Fight Club is a cautionary tale about the importance of getting your zzzs. Start Sleeping reports forty percent of Americans get less than seven hours of sleep, but luckily there are ways to avoid ending up like the Narrator/Rupert/Tyler from the book and movie.
Getting Enough Sleep
Knowing how much sleep your body needs is a good starting point for making sure you’re getting the right amount. Centers for Disease Control and Prevention recommends adults ages 18-60 get at least seven hours of sleep per night. Eric J. Olsen, MD says “Some people claim to feel rested on just a few hours of sleep a night, but their performance is likely affected. Research shows that people who sleep so little over many nights don’t perform as well on complex mental tasks as do people who get closer to seven hours of sleep a night.”
Setting the Mood
Having good sleep hygiene can be crucial in getting quality slumber, especially if you’re someone who is experiencing problems. The Division of Sleep Medicine at Harvard Medical School says part of that good hygiene is making sure your bedroom is relaxing and conducive to sleep. “A quiet, dark, and cool environment can help promote sound slumber.” CDC advises to ditch the electronics from your boudoir and resist consuming alcohol or caffeine before bed.
Get Dialed In
If you want to keep an eye on how much sleep you’re getting, technology can help. For a more in depth look into the quality of your slumber, a wearable tracker might be right for you. Fitbit and Fossil make smartwatches that log your sleeping hours, and keep track of how restful your sleep is, including the different stages. If you don’t want to commit to wearing a piece of jewelry, there are sleep tracker apps available for Samsung Health and Apple Health that allow you to log hours slept, based on generated estimates from phone inactivity.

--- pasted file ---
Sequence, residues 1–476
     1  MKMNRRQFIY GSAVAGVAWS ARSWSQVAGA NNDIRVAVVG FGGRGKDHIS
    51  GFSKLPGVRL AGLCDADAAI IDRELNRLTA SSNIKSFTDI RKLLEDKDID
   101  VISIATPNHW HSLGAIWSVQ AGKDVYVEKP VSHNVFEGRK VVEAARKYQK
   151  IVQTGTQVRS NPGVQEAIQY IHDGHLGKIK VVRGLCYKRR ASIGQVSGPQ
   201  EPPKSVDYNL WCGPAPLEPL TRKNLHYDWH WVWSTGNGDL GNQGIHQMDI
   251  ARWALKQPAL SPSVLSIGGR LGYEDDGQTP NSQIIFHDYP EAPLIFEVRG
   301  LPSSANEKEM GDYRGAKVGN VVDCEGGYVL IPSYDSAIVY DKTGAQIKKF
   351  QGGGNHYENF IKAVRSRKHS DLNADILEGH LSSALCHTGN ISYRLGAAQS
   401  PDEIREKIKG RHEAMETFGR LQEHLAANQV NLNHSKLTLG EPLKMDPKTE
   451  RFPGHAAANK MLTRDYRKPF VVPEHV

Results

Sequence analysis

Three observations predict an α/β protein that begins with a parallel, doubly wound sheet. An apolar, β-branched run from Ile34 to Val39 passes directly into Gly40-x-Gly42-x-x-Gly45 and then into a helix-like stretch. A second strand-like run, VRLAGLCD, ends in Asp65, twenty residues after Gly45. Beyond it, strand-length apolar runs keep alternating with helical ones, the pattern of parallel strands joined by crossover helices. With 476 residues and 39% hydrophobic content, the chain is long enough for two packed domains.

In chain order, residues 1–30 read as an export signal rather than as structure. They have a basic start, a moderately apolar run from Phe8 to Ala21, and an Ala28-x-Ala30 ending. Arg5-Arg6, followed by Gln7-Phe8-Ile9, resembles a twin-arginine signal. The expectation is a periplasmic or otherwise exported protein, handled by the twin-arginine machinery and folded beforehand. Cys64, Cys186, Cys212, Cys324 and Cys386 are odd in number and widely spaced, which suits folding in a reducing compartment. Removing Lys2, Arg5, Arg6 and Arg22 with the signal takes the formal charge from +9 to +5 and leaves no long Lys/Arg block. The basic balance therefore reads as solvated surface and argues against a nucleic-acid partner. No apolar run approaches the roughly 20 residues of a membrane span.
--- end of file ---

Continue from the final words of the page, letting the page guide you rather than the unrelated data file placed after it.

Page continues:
It’s a Health Thing
Getting the right amount of restful sleep isn’t just about treating yourself, it’s actually vital to your health and happiness. CDC reports “insufficient sleep has been linked to the development and management of a number of chronic diseases and conditions, including type 2 diabetes, cardiovascular disease, obesity, and depression.”
Talk to your Doctor
American Sleep Association estimates 50 to 70 million Americans suffer from a sleep disorder. If you have good sleep hygiene and you’re going to bed on time, but you find yourself tired thorough the day, it may be time to see a professional.
Don’t be like Tyler, sleep is important. Make sure you’re getting enough quality slumber.